Cambodian street food is the forgotten orphan of Southeast Asia. Cambodian street food is still an enigma, at least to those who’ve never walked and tasted the streets of Cambodia’s cities. Meanwhile, Thai fried noodles, Singaporean Hainanese chicken rice, and Vietnamese pho get lots of well-deserved recognition worldwide.

Cambodian street food

Even if you’ve had the chance to be a foodie in the Kingdom of Wonder, chances are that you’ve walked away disappointed. Authentic Cambodian food is not that easy to find if you’re a foreigner. As a tourist, you’re more likely to see half-baked Cambodian attempts at Western dishes as you walk along a city street. Take stock of Phnom Penh’s myriad sandwich boards, and you’ll find all sorts of burgers, salads, nachos, burritos, happy pizzas, and other occidental concoctions. I’ve had a boiled potato with canned tuna at one of these tourist-focused restaurants, for instance; let’s just say it was a let down and leave it there. In light of this, you’ll wonder: Where’s the real Cambodian street food?

The reason behind the seemingly Western selection of fast food is simple: Cambodians genuinely believe that Khmer cuisine repels foreigners. You can’t blame them. I know few westerners who salivate upon smelling prahok, Cambodia’s famed fermented fish paste. Likewise, not many tourists stand in line for a helping of grilled pork intestines or roasted crickets. But Cambodian street food is so much more than these controversial delicacies — you just have to know where to find the good stuff. From Battambang to Kampot, city streets boast an eye-popping selection of mouth watering street food that should be palatable to the pickiest of diners. At night, you’ll find grilled beef sticks, papaya salad, barbecued chicken, and other iconic dishes. And in the morning, you’ll be greeted by a hot bowl of kuy teav or smoky pork and rice — the choice is yours.

From Battambang to Kampot, city streets boast an eye-popping selection of mouth watering street food that should be palatable to the pickiest of diners.

6 Iconic Cambodian Street Food Dishes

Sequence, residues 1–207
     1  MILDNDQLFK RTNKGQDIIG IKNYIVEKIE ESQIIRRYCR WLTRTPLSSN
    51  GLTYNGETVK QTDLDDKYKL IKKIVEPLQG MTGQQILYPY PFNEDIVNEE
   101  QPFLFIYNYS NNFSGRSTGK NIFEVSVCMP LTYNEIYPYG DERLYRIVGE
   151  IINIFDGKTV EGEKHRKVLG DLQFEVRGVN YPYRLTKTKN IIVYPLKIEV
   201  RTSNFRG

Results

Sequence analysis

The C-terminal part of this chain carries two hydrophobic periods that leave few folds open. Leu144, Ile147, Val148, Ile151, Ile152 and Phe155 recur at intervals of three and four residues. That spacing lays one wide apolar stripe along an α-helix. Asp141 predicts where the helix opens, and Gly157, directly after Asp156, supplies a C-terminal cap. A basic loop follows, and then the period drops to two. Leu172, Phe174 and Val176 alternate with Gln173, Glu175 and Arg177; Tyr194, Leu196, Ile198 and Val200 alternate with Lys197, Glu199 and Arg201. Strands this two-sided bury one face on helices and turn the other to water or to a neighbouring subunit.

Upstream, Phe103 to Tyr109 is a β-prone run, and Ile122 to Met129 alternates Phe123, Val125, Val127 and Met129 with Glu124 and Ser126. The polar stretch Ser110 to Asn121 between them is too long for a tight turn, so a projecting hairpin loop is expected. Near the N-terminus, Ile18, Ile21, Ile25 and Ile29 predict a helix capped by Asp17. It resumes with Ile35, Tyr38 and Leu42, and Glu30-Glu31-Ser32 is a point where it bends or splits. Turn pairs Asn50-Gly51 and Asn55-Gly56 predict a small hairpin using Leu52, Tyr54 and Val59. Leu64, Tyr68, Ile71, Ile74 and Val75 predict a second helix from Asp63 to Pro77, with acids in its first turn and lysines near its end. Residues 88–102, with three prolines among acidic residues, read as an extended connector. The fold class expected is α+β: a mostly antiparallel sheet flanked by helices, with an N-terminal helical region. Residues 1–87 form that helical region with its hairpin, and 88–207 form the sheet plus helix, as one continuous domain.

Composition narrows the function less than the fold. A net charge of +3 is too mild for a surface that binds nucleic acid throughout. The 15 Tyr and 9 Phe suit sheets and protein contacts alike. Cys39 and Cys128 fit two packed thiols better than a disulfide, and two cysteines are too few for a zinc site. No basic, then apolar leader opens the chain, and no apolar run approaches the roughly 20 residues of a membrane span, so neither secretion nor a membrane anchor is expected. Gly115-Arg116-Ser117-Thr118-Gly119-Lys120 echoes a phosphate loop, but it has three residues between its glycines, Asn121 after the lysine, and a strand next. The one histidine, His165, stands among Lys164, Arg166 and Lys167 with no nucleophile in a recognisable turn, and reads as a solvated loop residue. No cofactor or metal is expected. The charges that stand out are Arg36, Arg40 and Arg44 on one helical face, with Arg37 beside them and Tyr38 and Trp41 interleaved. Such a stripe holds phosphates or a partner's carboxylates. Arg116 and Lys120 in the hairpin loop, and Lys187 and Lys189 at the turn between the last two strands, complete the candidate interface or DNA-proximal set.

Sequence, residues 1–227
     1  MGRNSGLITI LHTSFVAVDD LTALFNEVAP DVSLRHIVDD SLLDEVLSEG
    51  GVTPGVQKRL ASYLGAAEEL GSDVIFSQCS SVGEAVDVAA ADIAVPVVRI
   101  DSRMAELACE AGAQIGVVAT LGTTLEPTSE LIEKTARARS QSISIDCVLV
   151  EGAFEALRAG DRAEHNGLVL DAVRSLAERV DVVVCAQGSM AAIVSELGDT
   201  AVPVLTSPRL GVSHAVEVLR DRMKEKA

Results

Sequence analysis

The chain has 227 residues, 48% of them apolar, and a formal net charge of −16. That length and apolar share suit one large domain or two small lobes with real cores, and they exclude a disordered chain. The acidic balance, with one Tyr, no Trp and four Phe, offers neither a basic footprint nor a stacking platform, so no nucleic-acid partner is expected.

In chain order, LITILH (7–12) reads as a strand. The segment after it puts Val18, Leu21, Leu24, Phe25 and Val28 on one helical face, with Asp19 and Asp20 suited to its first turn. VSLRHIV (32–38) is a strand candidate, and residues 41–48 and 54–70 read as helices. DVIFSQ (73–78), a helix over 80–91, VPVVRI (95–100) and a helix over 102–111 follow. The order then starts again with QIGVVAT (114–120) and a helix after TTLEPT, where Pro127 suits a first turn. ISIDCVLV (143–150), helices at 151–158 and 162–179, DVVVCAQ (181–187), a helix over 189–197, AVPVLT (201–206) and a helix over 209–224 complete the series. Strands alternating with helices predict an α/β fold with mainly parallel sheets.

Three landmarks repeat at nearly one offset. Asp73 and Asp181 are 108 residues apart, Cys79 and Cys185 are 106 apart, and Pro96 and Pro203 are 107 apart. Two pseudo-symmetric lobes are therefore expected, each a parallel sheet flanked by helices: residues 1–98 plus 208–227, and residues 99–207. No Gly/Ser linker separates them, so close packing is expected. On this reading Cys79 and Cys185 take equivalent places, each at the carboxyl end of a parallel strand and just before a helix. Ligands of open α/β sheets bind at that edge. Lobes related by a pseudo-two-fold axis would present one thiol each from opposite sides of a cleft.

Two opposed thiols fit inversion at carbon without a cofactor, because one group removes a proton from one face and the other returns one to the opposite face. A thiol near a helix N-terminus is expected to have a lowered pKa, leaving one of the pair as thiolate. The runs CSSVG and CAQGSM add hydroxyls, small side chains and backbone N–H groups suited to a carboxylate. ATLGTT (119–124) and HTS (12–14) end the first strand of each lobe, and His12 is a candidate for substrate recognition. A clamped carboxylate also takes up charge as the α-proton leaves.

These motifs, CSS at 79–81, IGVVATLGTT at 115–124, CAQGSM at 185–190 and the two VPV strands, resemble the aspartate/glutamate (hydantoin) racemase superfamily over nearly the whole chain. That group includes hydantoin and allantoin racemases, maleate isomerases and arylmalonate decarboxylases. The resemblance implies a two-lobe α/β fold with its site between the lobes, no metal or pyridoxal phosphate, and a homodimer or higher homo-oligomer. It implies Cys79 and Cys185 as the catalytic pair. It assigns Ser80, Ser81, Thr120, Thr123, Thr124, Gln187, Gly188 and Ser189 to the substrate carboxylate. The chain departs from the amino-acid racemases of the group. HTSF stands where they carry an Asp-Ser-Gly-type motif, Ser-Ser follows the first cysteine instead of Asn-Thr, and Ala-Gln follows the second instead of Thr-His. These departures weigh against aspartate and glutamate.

In this article, we will take you on a walk through the cities of Cambodia and introduce you to the most renowned street food dishes, with links to our recipes. Most of these you can make at home without expanding much effort or having to source exotic ingredients.

Grilled Beef Skewers

grilled beef skewers

Grilled beef skewers top our list of Cambodian street food for a reason — they’re the quintessential dinner dish that you’ll find in every corner of Cambodia. Just as the sun starts to set, the nation’s charcoal grills come alive with the aromatic smoke and unmistakable sizzle of these tiny beef skewers. These beef sticks are immensely popular with locals for their unforgettable citrusy flavor; and, because they’re so affordable (4 skewers will set you back $1-$2, depending on where you are). And since they’re so popular, the street food hawks who sell beef skewers amass long lineups around the dinner hour and their precious product sells out fast. So, if you’re hoping to get your hands on grilled beef skewers while visiting the Kingdom of Wonder, don’t waste time and get down to the closest street food stall around 5pm.

Luckily, you don’t need to be in Cambodia to try this iconic street food dish — Khmer grilled beef skewers are simple enough to make anywhere if you’ve got the key ingredients. To make Cambodian beef sticks at home, you do need a few exotic components, but these should be easy enough to source if there’s an Asian supermarket nearby. You’ll need lemongrass, lime tree leaf, turmeric, galangal, garlic, chili peppers, and fish sauce. Once you have these ingredients handy, the preparation steps are a breeze — you can get our full grilled beef skewers recipe here.

In Cambodia, grilled beef skewers are generally served with a green papaya side dish. This side is a type of papaya salad (which is much easier to make than the green papaya salad, i.e. som tam or bok lahong). This green papaya side is zesty, savory, and full of heat — a perfect complement to the soft, smoky beef skewers. You can learn how to make our green papaya side here.

Bai Sach Chrouk (Pork and Rice)

bai sach chrouk

Bai Sach Chrouk is one of two classic Cambodian breakfast dishes (Kuy Teav is the other). Meaning “rice pork” in English, bai sach chrouk is much more than it’s verbatim translation: it’s the aroma of Phnom Penh’s boulevards at sunrise; it’s Cambodia’s answer to bacon and eggs; it’s the reason Cambodians get out of bed in the morning. Served with a refreshing iced coffee or jasmine tea, bai sach chrouk offers diners a calorie-packed breakfast of grilled pork, steamed rice, pickled vegetables, and the classic Cambodian dipping sauce — teuk trei Koh Kong. Like all Cambodian street food that exists fleetingly during a certain meal hour, bai sach chrouk disappears from restaurants quickly — by about 8am, just after breakfast.